Immunostaining of intracellular STM was performed as described before58. After fixation of cells with 3% PFA in PBS cells were washed thrice with PBS and directly incubated in blocking solution containing 2% goat serum, 2% bovine serum albumin, and 0.1% saponin in PBS for 30 min at RT. STM was stained with anti-Salmonella O-antigen group B factors 1, 4, 5, 12 (BD Difco, diluted 1:500 in blocking solution) for 1 h at RT. Subsequently, cells were washed thrice in drops of PBS following incubation with secondary antibody Cy5-coupled goat anti-rabbit IgG (Jackson Immuno Research, 1:1000 in blocking solution) for 1 h at RT in the dark. Afterwards, cells were washed thrice, mounted with Fluoroprep (bioMérieux) and sealed with Entellan (Merck). Fluorescence imaging was performed using the confocal laser-scanning microscope Leica SP5. Image acquisition was performed using the 100× objective (HCX PL APO CS 100×; numerical aperture: 1.4–0.7) and the polychroic mirror TD 488/543/633 for the three channels GFP, DsRed, and Cy5 (Leica, Wetzlar, Germany). For setting adjustment, image acquisition and image processing the software LAS AF (Leica, Wetzlar, Germany) was used.
Flow cytometry analysis
FC of liberated STM from host cells was performed as described before40. Briefly, FC was performed on an Attune NxT instrument (Thermo Fischer Scientific) at a flow rate of 25 μl × min−1. At least 10,000 bacteria were gated by virtue of the constitutive/induced DsRed fluorescence. Per gated STM cells, the intensity of the sfGFP fluorescence was determined and x-medians for the sfGFP intensities were calculated.
For the measurement of liberated bacteria (replicating and non-replicating) from host cells, infected cells were lysed at the indicated time points by 0.5% Triton X-100 in PBS for 10 min at RT with shaking to release the intracellular bacterial population. The lysate was transferred to a test tube and after pelleting of host cell debris by centrifugation for 5 min at 500×g, bacteria were recovered from supernatant. Bacteria were further centrifuged for 5 min at 20,000×g and fixed in 3% PFA in PBS for 15 min at RT. After fixation and a further centrifugation step, fixed bacteria were resuspended in 250 µl 100 mM NH4Cl in PBS for quenching of residual-free aldehydes. After that, samples were directly subjected to FC.
For detection of regrowth of cefotaxime-treated intracellular non-replicating STM, the whole liberated bacterial population was reinoculated into 3 ml fresh LB medium after the bacterial supernatant was transferred to a clean test tube (Supplementary Fig. S7), and incubated at 37 °C using a roller drum at 60 rpm with aeration. At time point 0, 2, 4, and 6 h post re-inoculation samples were taken, diluted with PBS and fixed with 3% PFA in PBS for 15 min at RT. Then, PFA was removed by centrifugation for 5 min at 20,000×g and the pellet was resuspended in 250 µl of 100 mM NH4Cl in PBS for quenching of residual-free aldehydes. After that, samples were directly subjected to FC and amounts of DsRed-positive events (non-replicating STM) was measured and depicted by events per µl.
To measure the minimal detectable threshold of bacterial events at the cytometer, various mixed ratios of constitutive DsRed and sfGFP fluorescent STM were prepared. For that, the optical density (OD600) of overnight cultures of STM [p5204] and STM [pWRG167] was determined following dilution of the strains to an OD600 of 1 (predicted amounts of bacteria: 1.1 × 109 bacteria × ml−1). Afterwards, serial dilutions were prepared and mixed ratios of red and green fluorescent STM were prepared in PBS. Either a constant high amount of green fluorescent STM (app. 2,000 events × µl−1) mixed with an equal, 10-fold, 100-fold, 1,000-fold, or 10,000-fold reduced amount of red fluorescent STM or a constant high amount of red fluorescent STM (app. 4,000 events × µl−1) mixed with an equal, 10-fold, 100-fold, 1,000-fold, or 10,000-fold reduced amount of green fluorescent STM was measured by FC. The relative amount of green and red fluorescent STM (events × µl−1) measured, when the equal amount of green and red fluorescent STM was present in the sample was set to 100%. As controls, only green, red or no fluorescent STM were measured.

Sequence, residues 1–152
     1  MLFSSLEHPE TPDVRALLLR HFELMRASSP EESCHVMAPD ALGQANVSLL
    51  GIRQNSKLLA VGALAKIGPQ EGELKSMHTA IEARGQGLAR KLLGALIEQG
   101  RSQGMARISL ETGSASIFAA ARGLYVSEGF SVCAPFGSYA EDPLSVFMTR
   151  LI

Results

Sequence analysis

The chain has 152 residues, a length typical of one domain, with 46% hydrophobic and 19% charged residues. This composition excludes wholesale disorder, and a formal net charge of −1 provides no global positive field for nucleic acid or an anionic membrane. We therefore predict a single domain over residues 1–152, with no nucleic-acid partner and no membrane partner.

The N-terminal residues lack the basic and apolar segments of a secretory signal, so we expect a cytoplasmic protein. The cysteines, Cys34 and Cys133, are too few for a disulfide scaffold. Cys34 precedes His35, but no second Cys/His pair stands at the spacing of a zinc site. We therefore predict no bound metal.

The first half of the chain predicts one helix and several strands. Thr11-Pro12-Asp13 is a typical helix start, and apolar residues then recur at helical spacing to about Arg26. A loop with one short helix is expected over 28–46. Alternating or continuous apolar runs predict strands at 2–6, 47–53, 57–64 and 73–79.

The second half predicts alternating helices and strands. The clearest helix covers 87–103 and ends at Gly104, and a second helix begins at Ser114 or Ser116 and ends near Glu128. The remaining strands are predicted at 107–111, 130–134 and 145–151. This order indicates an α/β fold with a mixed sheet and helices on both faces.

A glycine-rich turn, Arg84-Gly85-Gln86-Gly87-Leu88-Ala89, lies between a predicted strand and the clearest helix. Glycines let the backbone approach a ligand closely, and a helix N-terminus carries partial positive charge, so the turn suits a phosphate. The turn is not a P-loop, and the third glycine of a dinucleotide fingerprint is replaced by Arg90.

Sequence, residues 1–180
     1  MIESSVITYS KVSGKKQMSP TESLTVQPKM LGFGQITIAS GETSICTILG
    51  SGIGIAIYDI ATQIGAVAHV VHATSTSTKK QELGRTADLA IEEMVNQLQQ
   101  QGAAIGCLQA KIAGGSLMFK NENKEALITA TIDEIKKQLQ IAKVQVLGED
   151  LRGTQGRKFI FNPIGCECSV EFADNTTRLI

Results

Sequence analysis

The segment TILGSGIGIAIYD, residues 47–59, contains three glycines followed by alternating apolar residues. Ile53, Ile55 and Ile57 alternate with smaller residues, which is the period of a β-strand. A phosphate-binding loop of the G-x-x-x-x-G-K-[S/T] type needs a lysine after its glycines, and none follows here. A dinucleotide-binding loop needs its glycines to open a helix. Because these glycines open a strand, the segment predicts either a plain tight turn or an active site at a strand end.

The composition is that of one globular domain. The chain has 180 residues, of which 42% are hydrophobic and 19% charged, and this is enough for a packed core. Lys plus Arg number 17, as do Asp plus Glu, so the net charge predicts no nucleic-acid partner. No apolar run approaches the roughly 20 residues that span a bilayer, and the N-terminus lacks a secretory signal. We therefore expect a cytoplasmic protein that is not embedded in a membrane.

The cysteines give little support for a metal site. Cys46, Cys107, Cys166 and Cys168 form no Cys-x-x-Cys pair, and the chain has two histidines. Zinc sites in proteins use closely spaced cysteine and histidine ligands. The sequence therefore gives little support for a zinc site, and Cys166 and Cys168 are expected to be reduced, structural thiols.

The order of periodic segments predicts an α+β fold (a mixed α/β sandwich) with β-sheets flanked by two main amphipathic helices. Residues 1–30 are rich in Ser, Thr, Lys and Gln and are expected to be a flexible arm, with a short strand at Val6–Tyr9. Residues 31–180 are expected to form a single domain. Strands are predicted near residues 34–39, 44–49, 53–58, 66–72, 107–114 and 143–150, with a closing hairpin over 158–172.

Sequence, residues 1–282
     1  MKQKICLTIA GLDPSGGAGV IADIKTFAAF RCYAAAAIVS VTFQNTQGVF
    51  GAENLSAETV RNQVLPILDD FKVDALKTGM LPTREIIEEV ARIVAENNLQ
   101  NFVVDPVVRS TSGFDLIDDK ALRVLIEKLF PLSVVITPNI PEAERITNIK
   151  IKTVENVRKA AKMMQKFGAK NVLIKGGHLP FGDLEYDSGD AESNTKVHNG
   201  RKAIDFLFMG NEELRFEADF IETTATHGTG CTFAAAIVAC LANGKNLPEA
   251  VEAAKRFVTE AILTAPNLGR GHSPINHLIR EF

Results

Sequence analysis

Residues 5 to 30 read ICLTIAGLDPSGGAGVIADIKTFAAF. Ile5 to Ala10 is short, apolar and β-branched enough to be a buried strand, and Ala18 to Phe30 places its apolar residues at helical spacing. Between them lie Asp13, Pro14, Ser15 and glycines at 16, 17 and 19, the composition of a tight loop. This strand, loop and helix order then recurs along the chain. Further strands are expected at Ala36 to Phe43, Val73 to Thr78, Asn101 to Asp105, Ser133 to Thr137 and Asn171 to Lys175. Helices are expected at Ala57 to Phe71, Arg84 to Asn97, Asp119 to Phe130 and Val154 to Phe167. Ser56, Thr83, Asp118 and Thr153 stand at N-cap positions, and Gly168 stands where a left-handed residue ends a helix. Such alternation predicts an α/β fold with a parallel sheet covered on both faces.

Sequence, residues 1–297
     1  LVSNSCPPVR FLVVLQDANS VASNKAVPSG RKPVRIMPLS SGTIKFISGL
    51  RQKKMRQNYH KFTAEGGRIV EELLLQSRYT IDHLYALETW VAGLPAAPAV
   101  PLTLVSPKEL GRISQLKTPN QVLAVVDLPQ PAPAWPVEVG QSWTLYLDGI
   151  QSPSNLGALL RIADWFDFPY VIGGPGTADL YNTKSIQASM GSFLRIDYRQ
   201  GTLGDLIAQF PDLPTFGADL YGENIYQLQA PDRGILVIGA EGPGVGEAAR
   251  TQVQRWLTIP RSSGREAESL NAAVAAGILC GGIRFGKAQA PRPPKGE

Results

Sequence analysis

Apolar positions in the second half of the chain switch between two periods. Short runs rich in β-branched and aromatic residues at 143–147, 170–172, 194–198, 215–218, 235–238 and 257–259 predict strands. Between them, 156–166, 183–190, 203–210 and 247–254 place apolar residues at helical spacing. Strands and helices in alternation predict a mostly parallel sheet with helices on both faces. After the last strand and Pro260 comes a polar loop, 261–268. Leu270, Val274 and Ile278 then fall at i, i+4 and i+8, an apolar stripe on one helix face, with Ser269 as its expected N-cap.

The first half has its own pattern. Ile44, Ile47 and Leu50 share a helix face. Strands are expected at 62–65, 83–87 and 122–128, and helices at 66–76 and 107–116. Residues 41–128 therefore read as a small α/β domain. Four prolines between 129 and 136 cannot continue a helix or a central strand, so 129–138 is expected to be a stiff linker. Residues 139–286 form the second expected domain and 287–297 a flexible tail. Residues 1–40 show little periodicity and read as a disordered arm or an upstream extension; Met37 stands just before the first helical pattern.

The gating strategy used in FC analyses of various reporter constructs is displayed in Supplementary Fig. S8.
Statistics and reproducibility
All values in this study are given as means ± standard deviations of mean. Statistical analysis was accomplished by SigmaPlot 13 by One-Way ANOVA and significance levels are indicated in figures and legends. p < 0.05 was considered as statistically significant.
Further information on research design is available in the Nature Research Reporting Summary linked to this article.
The datasets generated and analyzed in this study are available from the corresponding authors upon reasonable request. Source data underlying Figs. 2–6 are available at the Zenodo repository under https://doi.org/10.5281/zenodo.4592976.
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This work was supported by the Deutsche Forschungsgemeinschaft though grants in SFB 944, projects P4 and P15. We kindly acknowledge intramural funding by profile line P2: Integrated Science of the University Osnabrück. We like to thank the Hans-Mühlenhoff-Stiftung for support of K.O. We thank Tatjana Reuter and Jennifer Röder for isolation of human macrophages.
Open Access funding enabled and organized by Projekt DEAL.
The authors declare no competing interests.
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Schulte, M., Olschewski, K. & Hensel, M. The protected physiological state of intracellular Salmonella enterica persisters reduces host cell-imposed stress. Commun Biol 4, 520 (2021). https://doi.org/10.1038/s42003-021-02049-6